would take to put the effort into that, we have to let it burn. >> it's just a weird swath of devastation that has no rime or reason. >> reporter: mary returned to her home of 19 years after the fire had won. >> i just wanted to get some things. >> reporter: she pulled a few items from her rubble so her kids would have something to remember their home by. >> just sent the youngest one off to college, and we were getting ready to celebrate the empty nest. >> reporter: people in search of food or gasoline are out of luck. >> no food or gas or nothing. >> reporter: first responders say it's best to stay off the roads. searching the rubble is a task get to be taken on due to hot spots, why the sonoma county sheriffs believe the death toll are continue to rise. >> there's no searching or
looking yet, so there's a lot of burned homes and a lot of burned areas, so it's just logical that we're going to find more people. >> reporter: back out here live you can see just down the street from the live shot, we wanted to turn the camera this direction to we could see flames kicking up on one of the homes already burnt to the ground. this has been happening all throughout the day. we just occasionally see the winds pick up and once again a structure that's been without fire for more than an hour or several hours is once again engulfed in flames. that's why this is called one of the burn zones, and authorities are telling people to stay away unless you absolutely have to be here, and they're encouraging people to heed the warning, stay away until they clear the area when it's safe to come back and see what's left. >> absolutely, all right, thanks so much. now before it got dark here, a few people were allowed to come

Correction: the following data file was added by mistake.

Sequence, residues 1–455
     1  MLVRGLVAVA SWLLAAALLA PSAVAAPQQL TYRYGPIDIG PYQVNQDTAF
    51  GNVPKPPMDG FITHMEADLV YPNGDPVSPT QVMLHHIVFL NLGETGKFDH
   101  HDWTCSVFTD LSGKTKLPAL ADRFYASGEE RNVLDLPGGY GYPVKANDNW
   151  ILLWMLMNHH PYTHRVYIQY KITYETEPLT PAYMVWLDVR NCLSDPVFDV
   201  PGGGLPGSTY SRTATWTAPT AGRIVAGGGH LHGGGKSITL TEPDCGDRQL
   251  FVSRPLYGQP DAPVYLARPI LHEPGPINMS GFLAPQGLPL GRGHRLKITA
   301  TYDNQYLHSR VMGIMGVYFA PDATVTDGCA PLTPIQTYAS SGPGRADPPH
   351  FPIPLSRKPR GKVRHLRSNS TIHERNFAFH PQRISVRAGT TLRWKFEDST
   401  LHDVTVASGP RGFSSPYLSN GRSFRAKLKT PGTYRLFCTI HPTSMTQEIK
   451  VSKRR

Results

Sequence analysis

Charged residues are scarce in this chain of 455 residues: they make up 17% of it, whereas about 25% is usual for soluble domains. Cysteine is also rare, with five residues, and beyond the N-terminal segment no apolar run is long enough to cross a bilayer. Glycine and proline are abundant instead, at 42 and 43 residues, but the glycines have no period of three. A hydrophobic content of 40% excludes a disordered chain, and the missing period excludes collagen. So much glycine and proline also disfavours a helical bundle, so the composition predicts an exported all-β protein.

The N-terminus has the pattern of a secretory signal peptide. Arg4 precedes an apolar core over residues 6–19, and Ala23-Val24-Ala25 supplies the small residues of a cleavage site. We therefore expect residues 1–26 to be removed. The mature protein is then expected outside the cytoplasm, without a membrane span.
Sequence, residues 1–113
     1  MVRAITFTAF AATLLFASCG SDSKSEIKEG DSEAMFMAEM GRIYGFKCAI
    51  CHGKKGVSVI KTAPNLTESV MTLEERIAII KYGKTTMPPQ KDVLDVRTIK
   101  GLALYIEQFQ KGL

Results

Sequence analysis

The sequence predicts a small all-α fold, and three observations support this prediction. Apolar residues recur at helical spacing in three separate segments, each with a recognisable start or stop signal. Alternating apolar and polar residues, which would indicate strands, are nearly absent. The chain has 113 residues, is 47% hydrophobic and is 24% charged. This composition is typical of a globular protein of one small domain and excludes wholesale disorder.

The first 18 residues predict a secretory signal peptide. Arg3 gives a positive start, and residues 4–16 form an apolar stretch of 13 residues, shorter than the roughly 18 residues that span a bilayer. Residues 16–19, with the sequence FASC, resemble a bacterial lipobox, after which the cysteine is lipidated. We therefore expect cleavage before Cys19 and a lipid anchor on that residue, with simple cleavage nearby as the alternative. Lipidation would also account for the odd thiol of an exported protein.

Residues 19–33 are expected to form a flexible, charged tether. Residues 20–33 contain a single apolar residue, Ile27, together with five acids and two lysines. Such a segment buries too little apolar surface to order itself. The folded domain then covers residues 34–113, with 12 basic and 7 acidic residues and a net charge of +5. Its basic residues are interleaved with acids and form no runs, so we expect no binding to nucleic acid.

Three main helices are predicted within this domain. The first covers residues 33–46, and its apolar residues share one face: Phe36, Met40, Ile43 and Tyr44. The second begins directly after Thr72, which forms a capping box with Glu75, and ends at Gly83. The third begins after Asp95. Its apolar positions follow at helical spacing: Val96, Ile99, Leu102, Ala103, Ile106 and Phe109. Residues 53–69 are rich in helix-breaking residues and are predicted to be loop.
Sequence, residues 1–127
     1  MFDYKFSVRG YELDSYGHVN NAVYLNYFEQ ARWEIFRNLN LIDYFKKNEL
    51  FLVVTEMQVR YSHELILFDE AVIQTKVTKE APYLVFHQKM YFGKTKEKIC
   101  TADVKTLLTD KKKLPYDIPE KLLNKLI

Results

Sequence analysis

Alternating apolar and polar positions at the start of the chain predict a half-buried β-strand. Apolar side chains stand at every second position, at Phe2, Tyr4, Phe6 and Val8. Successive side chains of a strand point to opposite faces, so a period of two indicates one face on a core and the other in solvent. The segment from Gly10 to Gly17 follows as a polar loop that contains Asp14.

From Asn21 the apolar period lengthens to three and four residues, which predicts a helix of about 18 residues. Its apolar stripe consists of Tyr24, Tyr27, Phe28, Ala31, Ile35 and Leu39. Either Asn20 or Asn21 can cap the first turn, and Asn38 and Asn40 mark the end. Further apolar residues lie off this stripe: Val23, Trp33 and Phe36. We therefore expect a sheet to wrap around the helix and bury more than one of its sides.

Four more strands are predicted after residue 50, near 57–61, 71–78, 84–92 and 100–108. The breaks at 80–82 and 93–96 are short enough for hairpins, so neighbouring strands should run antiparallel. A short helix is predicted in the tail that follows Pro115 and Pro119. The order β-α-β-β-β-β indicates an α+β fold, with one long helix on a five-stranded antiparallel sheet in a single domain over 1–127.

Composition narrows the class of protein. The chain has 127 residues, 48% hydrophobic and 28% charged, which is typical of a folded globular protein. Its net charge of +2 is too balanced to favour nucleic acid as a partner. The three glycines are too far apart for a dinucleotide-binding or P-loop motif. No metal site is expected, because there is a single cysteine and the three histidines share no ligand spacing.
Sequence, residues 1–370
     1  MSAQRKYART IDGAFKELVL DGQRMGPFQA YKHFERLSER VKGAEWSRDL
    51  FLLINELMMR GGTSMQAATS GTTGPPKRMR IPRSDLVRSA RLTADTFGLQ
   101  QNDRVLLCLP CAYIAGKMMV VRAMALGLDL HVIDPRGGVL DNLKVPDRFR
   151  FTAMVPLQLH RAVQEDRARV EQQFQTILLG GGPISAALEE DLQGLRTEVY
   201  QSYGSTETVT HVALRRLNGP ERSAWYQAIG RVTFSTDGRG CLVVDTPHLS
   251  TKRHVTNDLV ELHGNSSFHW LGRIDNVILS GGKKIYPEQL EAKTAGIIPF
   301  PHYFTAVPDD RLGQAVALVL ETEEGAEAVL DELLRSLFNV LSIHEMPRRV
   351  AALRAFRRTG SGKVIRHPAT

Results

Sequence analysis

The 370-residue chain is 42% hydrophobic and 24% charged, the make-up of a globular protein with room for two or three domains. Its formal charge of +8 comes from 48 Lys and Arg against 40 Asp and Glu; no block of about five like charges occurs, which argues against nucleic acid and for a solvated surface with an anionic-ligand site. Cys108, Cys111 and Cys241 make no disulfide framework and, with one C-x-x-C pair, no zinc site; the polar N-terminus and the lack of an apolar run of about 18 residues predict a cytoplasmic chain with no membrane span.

back in even though this is an evacuation zone. they came back to see what was left. most of them left in tears, devastated by what they saw. since it got dark, chp sent a through patrol cars through to check and make sure no one is looting because 50 to 60 homes were saved by firefighters today. we'll have more from santa rosa in a few minutes. >> it's going to take awhile for the shock to wear off for a lot of folks. new video just into the news room. the luther burbank center for the arts in santa rosa has burned as well. class rooms totally destroyed, the rest of the complex suffered minimal damage though. no employees were at the facility at the time. another hard hit community is glen allen in sonoma county. evacuees returned to find homes and neighborhoods totally